The El Chichon volcano, which spouted millions of tons of ash and chemicals into the upper atmosphere last spring, probably is not responsible for any significant change in the weather, or for any of the catastrophic weather events recorded this year, scientists said.
J. Murray Mitchell, of the climate analysis section of NOAA, said that the layer of dust now circling the globe has not had time to cool the seas by any significant amount, and the energy stored in the sea temperature is the main engine driving the earth's weather. Effects from El Chichon, if there are significant ones, should not begin until late this year or next year, Mitchell said.
As scientists explain it, El Nino is a little-understood event which drastically alters one of the main pillars of the world weather system. Three places around the globe--near Indonesia, over southern Africa, and over the Amazon basin--generate much of the world's weather.
They are called spots of "convergence" and exist over large areas where the water or land is quite warm. The warmth from the ground rises rapidly, creating great updrafts. The upward movement of air currents pulls in nearby air masses.
The convergence center in the southwestern Pacific Ocean off Indonesia is said to be one of the most powerful and the most unstable. Convergence centers over land are more predictable because land temperatures do not change as rapidly and do not hold so much pent-up heat energy as sea water does.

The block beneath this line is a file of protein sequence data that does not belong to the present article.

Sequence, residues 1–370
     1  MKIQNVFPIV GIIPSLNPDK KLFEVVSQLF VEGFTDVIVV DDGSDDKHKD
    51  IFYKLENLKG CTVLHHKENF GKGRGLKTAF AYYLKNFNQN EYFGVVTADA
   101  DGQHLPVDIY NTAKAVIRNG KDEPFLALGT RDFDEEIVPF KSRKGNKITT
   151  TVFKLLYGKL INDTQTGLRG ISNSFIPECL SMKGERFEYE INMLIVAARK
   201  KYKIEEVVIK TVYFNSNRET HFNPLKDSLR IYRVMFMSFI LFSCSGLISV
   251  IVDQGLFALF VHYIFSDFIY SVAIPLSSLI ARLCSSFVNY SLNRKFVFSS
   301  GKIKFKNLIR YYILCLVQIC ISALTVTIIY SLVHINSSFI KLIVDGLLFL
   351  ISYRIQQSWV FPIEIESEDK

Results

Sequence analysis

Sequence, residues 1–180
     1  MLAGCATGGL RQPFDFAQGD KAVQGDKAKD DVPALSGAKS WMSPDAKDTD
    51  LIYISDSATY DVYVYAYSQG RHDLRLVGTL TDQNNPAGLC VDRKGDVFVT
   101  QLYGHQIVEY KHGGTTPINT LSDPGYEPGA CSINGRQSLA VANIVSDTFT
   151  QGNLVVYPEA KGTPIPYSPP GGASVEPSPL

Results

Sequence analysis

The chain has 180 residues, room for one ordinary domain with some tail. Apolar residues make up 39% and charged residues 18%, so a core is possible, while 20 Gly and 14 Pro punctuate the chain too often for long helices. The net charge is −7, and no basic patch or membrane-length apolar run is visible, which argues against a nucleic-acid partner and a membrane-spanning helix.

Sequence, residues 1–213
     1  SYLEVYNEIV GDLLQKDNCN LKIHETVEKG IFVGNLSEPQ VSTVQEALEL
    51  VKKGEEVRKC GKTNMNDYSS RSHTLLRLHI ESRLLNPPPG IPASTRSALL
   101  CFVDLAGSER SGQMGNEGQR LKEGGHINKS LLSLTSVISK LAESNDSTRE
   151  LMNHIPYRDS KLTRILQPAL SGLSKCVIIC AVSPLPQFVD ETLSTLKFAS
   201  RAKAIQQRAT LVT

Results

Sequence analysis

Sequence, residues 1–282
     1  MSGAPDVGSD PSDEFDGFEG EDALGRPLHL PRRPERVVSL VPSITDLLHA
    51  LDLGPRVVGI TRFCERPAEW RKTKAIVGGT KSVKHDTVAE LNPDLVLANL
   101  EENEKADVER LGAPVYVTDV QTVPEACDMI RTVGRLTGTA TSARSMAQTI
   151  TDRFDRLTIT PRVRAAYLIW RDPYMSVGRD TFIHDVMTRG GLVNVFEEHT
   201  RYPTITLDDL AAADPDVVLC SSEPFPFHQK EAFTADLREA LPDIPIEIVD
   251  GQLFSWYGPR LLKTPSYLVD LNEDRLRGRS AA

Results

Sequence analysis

Also, other convergence centers stand against mountain ranges and other topographical features that help hold them in place.
Convergence is a phenomenon that increases in speed and power with the seasons, and the centers shift within limits all year long.
But the convergence center that usually sits over the Pacific off Australia and Indonesia is more unstable and its breakdown and re-formation thousands of miles toward South America is believed to be the source of the El Nino weather patterns.
When the convergence center moves toward South America it takes rain from Australia and dumps it instead on Pacific Islands and the South American coast.
Normally, the winds of the South Pacific flow reliably from the east toward the convergence center in the west. The water also tends to pile up in the western Pacific as if a fan were blowing water toward one end of a bathtub. High pressure hovers nearer South America and low pressure over the west.
When events--and scientists are not sure what might be the triggering events--move the convergence center eastward into mid-ocean, a series of other changes begin.
Winds flowing from east to west lessen, and in the most severe events such as the one that began just over a year ago, the winds reverse direction. Water is shifted from west to east as well. Ocean currents passing the South American continent off Ecuador and Peru are altered. They warm up as much as 13 degrees Fahrenheit.
In addition, a natural upwelling of cold water and chemical nutrients off the South American coast halts as normal currents are overridden by the warm waters from the west. The lack of nutrients coming up to feed plankton, which in turn are food for larger marine life, drive fish away from the region of the warm currents along the South American coast, creating havoc for the fishing industry.